Volume 2 Issue 8, August 2018

Volume 2 Issue 8

The generalist specialist

Why did Homo sapiens become the last surviving hominin? Roberts and Stewart review evidence for human dispersal 300–12 thousand years ago and propose that humans thrived via a unique 'generalist specialist' ecological niche.

See Roberts and Stewart

Image: Image by John Klausmeyer, concept by Brian Stewart, University of Michigan. Aerial view of reindeer herd from zanskar / iStock. Cover Design: Bethany Vukomanovic.

Editorial

  • Editorial |

    The scientific community needs to engage actively in the debate regarding the status of video game loot boxes and the potential risks they present for vulnerable populations.

Comment & Opinion

  • World View |

    Revelations of sexual harassment, sexism and unequal pay in film and broadcasting have called ‘time’s up’ on the myths of egalitarianism that circulate about the creative sector, argues Rosalind Gill.

    • Rosalind Gill
  • World View |

    New research shows that historical notions of scientific inferiority still underlie contemporary beliefs about scientific talent, or lack of it, in women and minority groups. If we do not address these biases, we are upholding an unhealthy system, argues Heather Metcalf.

    • Heather Metcalf
  • Comment |

    Video games are increasingly exposing young players to randomized in-game reward mechanisms, purchasable for real money — so-called loot boxes. Do loot boxes constitute a form of gambling?

    • Aaron Drummond
    •  & James D. Sauer
  • Comment |

    Although important steps have been taken to prevent publication of a disproportionate number of non-reproducible chance findings, null findings are usually still considered disappointing. There is every reason to change this perception, because lack of associations can teach us just as much as significant ones.

    • Albertine J. Oldehinkel

Research Highlights

News & Views

  • News & Views |

    By analysing whether characteristics of Austronesian populations could predict the rate of adoption of Christianity, researchers find that political leadership and small population sizes facilitated Christianity’s spread in the Pacific.

    • Nicole Creanza
  • News & Views |

    A study finds association between the occurrence of intimate partner violence and marital fertility among Tsimané forager-horticulturalists, independent of proximate explanations, suggesting that intimate partner violence may persist as an evolutionary strategy to enhance male fitness.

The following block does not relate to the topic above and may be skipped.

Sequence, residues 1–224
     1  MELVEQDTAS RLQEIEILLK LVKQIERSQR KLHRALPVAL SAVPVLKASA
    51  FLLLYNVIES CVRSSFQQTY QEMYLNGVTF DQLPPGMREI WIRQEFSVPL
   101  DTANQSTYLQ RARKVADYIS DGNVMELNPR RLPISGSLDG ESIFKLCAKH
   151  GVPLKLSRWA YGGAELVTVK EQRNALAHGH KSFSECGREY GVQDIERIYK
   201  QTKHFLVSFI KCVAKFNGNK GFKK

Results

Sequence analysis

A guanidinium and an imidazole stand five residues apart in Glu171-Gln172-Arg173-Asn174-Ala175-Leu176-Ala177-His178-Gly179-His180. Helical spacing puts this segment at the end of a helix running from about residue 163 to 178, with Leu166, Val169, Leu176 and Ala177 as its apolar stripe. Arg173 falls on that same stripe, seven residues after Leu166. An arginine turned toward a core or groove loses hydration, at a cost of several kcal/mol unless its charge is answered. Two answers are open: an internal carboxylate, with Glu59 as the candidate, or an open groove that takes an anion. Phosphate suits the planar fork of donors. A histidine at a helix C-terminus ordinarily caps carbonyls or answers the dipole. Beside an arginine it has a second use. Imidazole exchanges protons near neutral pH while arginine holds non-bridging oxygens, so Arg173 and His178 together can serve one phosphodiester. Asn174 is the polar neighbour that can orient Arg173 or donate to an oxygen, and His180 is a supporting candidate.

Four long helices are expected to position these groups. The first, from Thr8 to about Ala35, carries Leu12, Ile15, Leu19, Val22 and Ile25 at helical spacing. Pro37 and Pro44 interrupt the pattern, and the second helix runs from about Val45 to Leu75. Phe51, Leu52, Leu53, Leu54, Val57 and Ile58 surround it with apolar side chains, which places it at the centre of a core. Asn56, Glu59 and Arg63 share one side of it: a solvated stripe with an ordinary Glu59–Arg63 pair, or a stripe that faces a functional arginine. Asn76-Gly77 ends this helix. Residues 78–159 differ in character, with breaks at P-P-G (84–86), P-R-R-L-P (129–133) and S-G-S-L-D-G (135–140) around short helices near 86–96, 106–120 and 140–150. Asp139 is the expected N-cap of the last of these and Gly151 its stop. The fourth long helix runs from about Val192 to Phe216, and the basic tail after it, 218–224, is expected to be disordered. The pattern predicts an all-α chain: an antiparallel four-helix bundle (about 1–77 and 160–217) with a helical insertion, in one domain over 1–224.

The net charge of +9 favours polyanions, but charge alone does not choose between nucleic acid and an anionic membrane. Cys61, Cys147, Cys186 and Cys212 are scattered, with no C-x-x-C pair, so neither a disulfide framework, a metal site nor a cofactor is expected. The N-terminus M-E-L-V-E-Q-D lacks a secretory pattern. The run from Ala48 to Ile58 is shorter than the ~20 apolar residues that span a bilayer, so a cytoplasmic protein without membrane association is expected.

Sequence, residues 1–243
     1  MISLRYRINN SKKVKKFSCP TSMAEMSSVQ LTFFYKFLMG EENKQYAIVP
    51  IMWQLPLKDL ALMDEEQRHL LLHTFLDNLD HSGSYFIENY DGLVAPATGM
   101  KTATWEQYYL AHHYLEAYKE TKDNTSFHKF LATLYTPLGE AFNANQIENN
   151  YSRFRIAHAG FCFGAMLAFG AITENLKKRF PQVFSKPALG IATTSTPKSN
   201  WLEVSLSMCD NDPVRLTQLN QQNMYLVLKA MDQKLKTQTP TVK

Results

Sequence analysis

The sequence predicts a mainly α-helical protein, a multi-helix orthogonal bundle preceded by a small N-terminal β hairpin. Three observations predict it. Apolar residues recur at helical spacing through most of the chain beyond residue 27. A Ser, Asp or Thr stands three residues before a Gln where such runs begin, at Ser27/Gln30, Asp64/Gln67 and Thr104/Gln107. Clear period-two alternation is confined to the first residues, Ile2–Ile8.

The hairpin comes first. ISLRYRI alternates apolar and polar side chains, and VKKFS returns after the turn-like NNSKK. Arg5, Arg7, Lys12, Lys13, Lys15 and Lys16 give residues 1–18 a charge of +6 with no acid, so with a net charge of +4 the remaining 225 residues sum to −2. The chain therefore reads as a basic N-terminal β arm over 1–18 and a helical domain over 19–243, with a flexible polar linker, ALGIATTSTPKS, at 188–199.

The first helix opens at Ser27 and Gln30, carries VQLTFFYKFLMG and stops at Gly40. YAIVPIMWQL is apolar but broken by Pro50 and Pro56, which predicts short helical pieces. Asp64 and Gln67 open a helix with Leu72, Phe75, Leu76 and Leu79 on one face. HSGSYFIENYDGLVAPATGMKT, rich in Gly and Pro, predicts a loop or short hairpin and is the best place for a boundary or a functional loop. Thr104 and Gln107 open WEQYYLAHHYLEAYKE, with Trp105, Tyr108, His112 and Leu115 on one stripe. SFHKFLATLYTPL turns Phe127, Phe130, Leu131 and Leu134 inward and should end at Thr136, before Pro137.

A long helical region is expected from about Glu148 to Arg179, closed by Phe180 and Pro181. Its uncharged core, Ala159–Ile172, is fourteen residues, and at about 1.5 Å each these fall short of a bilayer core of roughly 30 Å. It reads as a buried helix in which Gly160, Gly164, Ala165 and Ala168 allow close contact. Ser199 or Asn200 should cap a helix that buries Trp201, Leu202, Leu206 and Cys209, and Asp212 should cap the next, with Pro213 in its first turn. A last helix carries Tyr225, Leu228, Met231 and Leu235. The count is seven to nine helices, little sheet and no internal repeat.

• Elizabeth G. Pillsworth

Reviews

  • Perspective |

    The success of humans as the last surviving species of the hominin clade may be explained by our ecological plasticity. Roberts and Stewart review evidence for human dispersal 300,000–12,000 years before present and propose that humans thrived via a unique ‘generalist specialist’ ecological niche.

    • Patrick Roberts
    •  & Brian A. Stewart
  • Review Article |

    Cullati and colleagues propose a framework to understand vulnerability in later life as a product of biological, psychological, cognitive, emotional, economical and relational ‘reserves’ built up over a lifetime, which can be called on to buffer against or recover from adversity.

    • Stéphane Cullati
    • , Matthias Kliegel
    •  & Eric Widmer

Research

  • Letter |

    Theories about the spread of Christianity are tested using comparative cross-cultural methods and historical data on 70 Austronesian cultures. Conversion was fastest in small and politically organized societies, but not impacted by social inequality.

    • Joseph Watts
    • , Oliver Sheehan
    • , Joseph Bulbulia
    • , Russell D. Gray
    •  & Quentin D. Atkinson
  • Letter |

    A study of intimate partner violence among the Tsimané forager-horticulturalists of Bolivia finds evidence that male aggression is leveraged to increase marital fertility and a man’s individual fitness when spouses differ in preferred family size.

    • Jonathan Stieglitz
    • , Benjamin C. Trumble
    • , Hillard Kaplan
    •  & Michael Gurven
  • Letter |

    Experiments using economic games and hypothetical infectious disease scenarios show that uncertainty about a decision’s outcome reduces prosocial actions, but when the impact on others is made uncertain, prosociality increases.

    • Andreas Kappes
    • , Anne-Marie Nussberger
    • , Nadira S. Faber
    • , Guy Kahane
    • , Julian Savulescu
    •  & Molly J. Crockett
  • Article |

    Rutherford et al. analyse temporal, network and hierarchical effects to uncover, understand and quantify competing mechanisms of constitutional change worldwide.

    • Alex Rutherford
    • , Yonatan Lupu
    • , Manuel Cebrian
    • , Iyad Rahwan
    • , Brad L. LeVeck
    •  & Manuel Garcia-Herranz

Amendments & Corrections